A very bad precedent, indeed:
An Egyptian blogger was sentenced Monday to three years in prison for criticizing the military in what human rights advocates called one of the more alarming violations of freedom of expression since a popular uprising led to the ouster of President Hosni Mubaraktwo months ago.
The blogger, Maikel Nabil, 26, had assailed the Egyptian armed forces for what he called its continuation of the corruption and anti-democratic practices of Mr. Mubarak. Mr. Nabil often quoted from reports by established human rights groups.
“Maikel is the first prisoner of conscience in Egypt after the revolution,” Adel Ramadan, one of his lawyers, said in a telephone interview. “This ruling is a warning to all journalists, bloggers and human rights activists in Egypt that the punishment for criticizing the army is a sentence in a military prison.”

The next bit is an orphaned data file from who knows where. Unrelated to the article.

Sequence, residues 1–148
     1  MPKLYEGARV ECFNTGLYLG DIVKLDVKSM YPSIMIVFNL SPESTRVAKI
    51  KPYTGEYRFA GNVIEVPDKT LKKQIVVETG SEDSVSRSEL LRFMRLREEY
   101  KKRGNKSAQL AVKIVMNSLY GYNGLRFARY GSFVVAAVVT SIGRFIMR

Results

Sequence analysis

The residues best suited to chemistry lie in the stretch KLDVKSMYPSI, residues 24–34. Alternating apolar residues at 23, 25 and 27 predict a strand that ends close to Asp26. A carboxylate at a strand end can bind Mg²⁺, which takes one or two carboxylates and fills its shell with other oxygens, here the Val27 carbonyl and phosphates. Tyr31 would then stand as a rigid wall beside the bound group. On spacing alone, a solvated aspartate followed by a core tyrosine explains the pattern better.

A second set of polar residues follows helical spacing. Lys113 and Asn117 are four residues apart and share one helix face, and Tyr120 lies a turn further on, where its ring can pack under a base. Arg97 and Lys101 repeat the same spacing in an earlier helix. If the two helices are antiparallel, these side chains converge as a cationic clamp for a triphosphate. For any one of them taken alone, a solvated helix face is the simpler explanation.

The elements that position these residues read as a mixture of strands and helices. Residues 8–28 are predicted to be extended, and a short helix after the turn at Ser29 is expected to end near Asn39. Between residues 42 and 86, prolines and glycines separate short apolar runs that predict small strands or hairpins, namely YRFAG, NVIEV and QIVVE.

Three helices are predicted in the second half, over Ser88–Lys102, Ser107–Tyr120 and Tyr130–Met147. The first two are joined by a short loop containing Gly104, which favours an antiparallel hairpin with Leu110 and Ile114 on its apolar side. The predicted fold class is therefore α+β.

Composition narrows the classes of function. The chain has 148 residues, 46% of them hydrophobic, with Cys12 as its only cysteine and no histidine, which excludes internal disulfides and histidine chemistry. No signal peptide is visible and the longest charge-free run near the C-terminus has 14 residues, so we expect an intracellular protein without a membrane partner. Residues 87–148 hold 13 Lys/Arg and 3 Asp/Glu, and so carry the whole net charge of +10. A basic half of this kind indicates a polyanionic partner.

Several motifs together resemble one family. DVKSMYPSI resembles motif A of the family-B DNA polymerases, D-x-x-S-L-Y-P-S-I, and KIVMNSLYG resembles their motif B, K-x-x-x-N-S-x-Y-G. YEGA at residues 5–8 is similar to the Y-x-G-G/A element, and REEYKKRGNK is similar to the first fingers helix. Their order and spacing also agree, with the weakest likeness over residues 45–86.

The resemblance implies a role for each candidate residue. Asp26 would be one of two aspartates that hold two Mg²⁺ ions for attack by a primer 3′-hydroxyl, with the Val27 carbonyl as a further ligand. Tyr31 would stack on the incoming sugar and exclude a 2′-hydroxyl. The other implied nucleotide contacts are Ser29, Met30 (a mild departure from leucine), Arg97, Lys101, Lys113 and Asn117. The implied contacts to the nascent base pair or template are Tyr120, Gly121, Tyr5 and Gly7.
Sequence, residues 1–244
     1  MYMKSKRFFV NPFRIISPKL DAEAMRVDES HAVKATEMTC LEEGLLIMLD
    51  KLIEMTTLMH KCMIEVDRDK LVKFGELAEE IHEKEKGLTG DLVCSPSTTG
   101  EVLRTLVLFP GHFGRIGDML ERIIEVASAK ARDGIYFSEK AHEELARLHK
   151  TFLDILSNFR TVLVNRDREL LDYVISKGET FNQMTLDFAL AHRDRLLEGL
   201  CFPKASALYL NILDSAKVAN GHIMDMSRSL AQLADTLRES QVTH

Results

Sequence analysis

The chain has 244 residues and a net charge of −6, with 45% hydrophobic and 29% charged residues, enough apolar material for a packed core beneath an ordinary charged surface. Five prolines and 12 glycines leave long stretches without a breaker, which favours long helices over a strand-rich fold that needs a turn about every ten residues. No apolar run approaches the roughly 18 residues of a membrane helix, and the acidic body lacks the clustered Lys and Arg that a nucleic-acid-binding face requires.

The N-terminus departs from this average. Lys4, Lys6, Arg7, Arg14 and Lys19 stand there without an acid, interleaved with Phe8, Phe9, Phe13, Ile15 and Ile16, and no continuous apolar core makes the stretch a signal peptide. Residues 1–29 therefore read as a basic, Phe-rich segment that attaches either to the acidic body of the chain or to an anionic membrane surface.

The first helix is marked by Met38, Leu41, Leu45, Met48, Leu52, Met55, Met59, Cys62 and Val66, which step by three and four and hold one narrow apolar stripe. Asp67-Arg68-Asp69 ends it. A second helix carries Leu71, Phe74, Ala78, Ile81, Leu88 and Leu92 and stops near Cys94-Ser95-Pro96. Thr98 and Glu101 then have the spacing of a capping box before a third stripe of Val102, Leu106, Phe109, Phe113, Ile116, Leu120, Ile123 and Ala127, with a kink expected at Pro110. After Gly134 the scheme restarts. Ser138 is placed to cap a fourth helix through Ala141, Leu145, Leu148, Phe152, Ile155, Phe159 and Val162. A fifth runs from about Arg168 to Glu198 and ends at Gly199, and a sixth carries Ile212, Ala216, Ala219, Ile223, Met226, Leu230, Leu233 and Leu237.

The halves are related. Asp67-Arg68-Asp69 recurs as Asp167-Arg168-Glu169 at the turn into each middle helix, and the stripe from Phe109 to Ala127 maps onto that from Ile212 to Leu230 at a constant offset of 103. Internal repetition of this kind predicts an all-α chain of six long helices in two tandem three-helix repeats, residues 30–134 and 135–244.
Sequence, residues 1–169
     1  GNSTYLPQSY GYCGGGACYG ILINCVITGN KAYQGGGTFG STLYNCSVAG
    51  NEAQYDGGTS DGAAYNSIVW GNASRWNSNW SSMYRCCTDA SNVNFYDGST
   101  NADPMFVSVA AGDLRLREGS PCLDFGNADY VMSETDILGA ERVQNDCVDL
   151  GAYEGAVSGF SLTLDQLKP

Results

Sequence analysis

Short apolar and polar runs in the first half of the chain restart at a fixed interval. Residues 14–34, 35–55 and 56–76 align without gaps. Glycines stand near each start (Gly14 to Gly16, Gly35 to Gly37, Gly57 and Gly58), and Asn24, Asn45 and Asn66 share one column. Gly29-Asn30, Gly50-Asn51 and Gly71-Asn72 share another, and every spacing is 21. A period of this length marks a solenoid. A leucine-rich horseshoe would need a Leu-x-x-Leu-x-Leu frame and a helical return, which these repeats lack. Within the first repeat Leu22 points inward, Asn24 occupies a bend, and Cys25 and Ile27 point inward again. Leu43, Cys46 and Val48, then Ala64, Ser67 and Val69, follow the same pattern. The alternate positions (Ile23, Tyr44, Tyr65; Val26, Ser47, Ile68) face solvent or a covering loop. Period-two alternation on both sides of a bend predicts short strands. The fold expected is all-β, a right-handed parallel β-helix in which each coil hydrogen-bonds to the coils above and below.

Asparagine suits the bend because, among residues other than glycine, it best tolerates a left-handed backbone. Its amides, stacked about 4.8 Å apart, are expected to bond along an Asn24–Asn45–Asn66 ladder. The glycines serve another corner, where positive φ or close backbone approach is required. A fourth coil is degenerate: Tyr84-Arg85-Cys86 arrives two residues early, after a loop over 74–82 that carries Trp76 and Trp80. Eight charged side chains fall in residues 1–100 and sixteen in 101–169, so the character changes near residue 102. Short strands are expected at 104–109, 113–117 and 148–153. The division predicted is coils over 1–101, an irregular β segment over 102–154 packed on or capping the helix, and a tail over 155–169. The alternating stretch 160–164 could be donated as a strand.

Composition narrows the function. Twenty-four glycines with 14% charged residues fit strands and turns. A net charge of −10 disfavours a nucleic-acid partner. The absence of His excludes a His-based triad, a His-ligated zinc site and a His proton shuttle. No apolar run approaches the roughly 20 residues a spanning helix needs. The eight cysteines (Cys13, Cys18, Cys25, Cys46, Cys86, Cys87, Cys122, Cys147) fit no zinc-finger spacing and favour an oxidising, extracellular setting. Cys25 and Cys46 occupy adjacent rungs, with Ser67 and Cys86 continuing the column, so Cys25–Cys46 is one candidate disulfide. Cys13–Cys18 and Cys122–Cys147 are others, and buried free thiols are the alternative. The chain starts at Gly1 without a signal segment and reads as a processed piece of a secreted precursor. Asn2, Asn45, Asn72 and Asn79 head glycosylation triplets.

Mr. Ramadan said that a military tribunal had sentenced Mr. Nabil to serve his term in Tora Prison here. His lawyers and his family were barred from communicating with him after the sentencing.
The charges against Mr. Nabil included insulting the military establishment and spreading false information about the armed forces. The tribunal charged him with spreading information previously published by human rights organizations like Amnesty International on the army’s use of violence against protesters, the torture of those detained inside the Egyptian Museum and the use of forced pelvic exams, known as “virginity tests,” against detained female protesters.